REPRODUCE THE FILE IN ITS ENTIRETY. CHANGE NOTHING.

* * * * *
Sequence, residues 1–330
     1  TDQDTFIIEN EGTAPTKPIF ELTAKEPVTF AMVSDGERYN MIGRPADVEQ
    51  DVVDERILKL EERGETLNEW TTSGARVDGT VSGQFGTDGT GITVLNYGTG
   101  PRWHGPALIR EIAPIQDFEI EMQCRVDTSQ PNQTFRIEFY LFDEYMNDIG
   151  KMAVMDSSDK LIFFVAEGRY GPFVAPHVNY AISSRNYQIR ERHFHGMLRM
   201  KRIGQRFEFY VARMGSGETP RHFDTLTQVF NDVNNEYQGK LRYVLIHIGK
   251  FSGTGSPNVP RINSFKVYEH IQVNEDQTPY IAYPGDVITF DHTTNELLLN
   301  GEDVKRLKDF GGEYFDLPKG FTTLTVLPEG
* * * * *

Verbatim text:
Sequence, residues 1–330
     1  TDQDTFIIEN EGTAPTKPIF ELTAKEPVTF AMVSDGERYN MIGRPADVEQ
    51  DVVDERILKL EERGETLNEW TTSGARVDGT VSGQFGTDGT GITVLNYGTG
   101  PRWHGPALIR EIAPIQDFEI EMQCRVDTSQ PNQTFRIEFY LFDEYMNDIG
   151  KMAVMDSSDK LIFFVAEGRY GPFVAPHVNY AISSRNYQIR ERHFHGMLRM
   201  KRIGQRFEFY VARMGSGETP RHFDTLTQVF NDVNNEYQGK LRYVLIHIGK
   251  FSGTGSPNVP RINSFKVYEH IQVNEDQTPY IAYPGDVITF DHTTNELLLN
   301  GEDVKRLKDF GGEYFDLPKG FTTLTVLPEG